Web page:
Another interesting fact to me, is the structure of all these institutions. It seems that there is always one person behind each institution. It brings the question of perennity. What may happen if the owner, the founder, the person behind the institution suddenly disappears.
Yes, it’s true. Each institution is the initiative of a person and it’s normal. If you look at all private museums around the globe, they always correspond to the initiative of one important person. It takes like 30 to 40 years to build the support system necessary, to create memberships, stable sponsorship, endowments. We, for example, at Garage, are also building this system support. We are 10 years old and we are now generating over 30% of our funding ourselves. Our idea is to pursue endowment and with the board of trustees to establish a model based on selffunding.
Also catching attention is the opposition between private and public institutions. The public institutions are more dependent on local authorities. If you look at Hungary, or Cuba, or here, governments can close exhibitions. Private institutions and private museums are therefore growing in power and somehow going more ‘public’ than the public institutions themselves as they don’t depend on ‘public’ decisions.
Okay I see… and would you say that it is a global phenomenon or more a Russian specific one?
Maybe it is more a Russian phenomenon because we have 70 years to catch up!
What is your plan?
My goal is to have at least 50% of self- funding.
Do you have a time line for this plan?
No, I don’t because I don’t believe in this type of planning, especially in our economic and political context, but my plan is to increase the % year by year. We had 5% self-funding when I arrived, now we are at over 30-35% and want to reach over 50 % within 5 years.
I would like to come back to the place and role of the commercial galleries. What do you think is happening
It is interesting because artist seem to rather look for residencies with institutions than to look for a gallery representation. Galleries seem to be doing most of their business at the global art fairs and the Chelsea galleries seem to look and work like museum space with huge exhibitions on 2000 to 3000 square meters, but with free entrances…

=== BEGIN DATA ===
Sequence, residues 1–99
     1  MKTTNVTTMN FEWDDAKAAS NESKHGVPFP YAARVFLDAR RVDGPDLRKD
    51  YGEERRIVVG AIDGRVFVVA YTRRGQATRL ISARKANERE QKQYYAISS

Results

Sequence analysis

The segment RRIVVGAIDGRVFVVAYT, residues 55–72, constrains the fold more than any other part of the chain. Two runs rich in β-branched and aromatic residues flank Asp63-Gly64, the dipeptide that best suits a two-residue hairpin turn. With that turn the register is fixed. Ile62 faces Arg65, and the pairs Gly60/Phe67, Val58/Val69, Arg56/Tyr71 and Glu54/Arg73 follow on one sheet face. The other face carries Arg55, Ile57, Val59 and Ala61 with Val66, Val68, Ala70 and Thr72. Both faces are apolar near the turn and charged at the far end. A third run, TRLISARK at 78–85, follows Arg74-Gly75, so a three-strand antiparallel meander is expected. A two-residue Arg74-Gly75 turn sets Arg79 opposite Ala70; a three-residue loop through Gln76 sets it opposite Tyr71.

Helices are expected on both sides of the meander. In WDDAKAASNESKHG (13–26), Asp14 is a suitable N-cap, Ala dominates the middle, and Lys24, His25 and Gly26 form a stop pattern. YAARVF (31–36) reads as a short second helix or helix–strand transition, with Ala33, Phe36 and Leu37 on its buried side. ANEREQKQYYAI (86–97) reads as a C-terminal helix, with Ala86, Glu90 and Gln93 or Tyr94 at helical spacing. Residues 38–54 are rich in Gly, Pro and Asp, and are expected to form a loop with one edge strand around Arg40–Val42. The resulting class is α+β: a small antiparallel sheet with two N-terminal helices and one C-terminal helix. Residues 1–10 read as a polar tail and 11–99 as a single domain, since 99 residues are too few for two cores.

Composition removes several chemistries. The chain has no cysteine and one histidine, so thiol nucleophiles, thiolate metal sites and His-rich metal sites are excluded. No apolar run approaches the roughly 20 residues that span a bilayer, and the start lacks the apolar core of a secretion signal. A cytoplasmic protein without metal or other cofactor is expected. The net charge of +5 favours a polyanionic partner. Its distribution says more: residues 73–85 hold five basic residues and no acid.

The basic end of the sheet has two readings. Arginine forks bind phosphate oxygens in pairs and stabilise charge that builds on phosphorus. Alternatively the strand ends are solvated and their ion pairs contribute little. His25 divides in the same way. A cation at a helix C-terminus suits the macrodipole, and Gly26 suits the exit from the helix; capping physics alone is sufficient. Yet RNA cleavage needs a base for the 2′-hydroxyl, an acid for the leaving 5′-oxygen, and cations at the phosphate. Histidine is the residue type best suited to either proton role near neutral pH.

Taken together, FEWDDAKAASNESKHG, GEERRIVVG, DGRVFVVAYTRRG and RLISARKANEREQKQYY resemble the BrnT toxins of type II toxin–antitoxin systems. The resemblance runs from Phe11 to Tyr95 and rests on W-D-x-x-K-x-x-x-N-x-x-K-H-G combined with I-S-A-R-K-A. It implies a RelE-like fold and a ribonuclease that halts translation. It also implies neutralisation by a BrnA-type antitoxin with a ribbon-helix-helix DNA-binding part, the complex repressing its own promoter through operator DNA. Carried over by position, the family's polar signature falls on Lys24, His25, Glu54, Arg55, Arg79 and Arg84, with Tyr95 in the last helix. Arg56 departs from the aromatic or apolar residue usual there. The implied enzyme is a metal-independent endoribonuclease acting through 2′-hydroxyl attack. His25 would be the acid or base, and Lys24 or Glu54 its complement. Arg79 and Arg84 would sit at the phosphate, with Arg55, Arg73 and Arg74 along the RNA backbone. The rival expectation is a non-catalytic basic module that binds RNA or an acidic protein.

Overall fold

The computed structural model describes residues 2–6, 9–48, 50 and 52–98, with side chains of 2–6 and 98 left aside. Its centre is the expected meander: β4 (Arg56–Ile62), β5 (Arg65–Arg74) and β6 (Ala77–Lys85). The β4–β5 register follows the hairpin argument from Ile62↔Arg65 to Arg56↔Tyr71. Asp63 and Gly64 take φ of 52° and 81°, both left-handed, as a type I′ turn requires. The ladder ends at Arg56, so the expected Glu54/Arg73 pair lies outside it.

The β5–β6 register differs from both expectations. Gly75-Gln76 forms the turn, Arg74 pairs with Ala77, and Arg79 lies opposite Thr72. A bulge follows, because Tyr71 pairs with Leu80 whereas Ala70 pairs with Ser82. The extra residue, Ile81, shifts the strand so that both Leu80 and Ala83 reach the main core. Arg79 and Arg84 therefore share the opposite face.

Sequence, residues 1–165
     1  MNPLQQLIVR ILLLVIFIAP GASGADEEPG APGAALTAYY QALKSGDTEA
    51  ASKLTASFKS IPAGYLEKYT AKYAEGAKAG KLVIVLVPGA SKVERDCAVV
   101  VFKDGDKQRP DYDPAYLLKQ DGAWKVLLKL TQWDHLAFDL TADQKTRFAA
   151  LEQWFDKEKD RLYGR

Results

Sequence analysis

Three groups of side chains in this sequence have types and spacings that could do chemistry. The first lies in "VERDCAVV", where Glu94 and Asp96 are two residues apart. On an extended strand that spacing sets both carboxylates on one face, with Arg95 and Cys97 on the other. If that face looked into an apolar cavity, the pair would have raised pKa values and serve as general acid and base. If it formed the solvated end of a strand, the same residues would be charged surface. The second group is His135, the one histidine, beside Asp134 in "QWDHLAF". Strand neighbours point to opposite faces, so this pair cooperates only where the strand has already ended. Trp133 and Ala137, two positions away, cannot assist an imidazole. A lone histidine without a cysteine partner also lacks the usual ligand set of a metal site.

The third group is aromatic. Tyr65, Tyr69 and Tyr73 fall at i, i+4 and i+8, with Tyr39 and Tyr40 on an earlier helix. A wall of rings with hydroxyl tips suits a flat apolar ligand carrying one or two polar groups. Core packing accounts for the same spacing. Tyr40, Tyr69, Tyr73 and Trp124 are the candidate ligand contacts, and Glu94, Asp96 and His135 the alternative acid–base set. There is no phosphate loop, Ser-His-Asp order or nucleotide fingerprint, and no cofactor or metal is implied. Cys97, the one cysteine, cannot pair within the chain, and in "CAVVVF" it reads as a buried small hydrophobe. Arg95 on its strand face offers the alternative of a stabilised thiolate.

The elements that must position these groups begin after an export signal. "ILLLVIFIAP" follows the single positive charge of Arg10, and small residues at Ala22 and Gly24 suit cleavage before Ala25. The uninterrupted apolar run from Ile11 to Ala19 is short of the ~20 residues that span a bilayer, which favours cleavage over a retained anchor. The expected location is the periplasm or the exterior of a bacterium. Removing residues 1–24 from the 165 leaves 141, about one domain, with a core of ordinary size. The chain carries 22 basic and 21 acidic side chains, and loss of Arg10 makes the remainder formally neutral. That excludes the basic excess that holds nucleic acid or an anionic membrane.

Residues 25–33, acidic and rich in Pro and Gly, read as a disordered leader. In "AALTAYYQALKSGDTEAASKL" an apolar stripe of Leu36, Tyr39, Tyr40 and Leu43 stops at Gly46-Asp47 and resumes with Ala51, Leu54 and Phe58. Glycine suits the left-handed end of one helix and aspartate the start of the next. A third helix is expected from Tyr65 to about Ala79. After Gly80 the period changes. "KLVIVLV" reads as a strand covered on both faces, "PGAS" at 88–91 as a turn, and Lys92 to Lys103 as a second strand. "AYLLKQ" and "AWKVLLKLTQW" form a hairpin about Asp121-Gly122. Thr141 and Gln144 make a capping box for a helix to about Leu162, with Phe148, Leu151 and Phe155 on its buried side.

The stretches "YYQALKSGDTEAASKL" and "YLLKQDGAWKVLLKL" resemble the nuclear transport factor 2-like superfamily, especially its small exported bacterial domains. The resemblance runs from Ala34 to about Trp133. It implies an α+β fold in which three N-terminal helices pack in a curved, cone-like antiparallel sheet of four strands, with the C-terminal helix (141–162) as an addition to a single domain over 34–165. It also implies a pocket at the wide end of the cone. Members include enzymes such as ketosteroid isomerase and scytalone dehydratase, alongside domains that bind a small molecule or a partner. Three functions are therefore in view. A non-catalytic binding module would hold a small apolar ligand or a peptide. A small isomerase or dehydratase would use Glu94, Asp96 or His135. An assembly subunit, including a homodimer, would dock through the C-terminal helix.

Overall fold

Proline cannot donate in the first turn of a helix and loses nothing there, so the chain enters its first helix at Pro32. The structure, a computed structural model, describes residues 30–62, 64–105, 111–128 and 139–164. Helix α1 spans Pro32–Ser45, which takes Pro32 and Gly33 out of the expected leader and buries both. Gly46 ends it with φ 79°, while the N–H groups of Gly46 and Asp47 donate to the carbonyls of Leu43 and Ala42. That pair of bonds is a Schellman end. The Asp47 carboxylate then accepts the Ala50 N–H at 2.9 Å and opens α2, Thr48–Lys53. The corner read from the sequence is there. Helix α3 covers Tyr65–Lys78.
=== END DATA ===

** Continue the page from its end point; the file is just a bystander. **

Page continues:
Yes, you are right. I agree, but where are the ‘brick and mortar’ galleries, the one that visit art fairs.
The thing is that many people have not understood yet, that the future of sales is online. The future generation must buy online and don’t need to go to galleries. You need to have offspace exhibitions at museums, but galleries are no longer needed. Do you know Sample?
No, what is it? It is an App?
No, Sample is an Instagram platform created by 3 young ladies. They are using the Instagram platform to exhibit art and sale without having a gallery. They display online works that are sold in other locations. You can check how much it costs and buy it. They take a little commission, and this form of gallery business is the future.
They are also some ‘online apps for auctions’. I use them to buy art myself. Many people ask me if I do not need to see the work off line, to decide, but for me, I think for me, 80% of the time I am doing the right choice. I buy drawing for hundreds of rubles or maybe up to 5’000 rubles and I can do it online. I save time. I don’t need to go. I just need 30 minutes before going to bed.
Yes, online is definitely the biggest trend! Do you think your behavior is representative of Russian behavior’s pattern? Are they maybe differences between Western and Russian buyers?
I think they are not many difference between Westerners and Russians. Everywhere it is the same: same difference between a capital and the periphery, between real art lovers and not interested in art.
What is your point?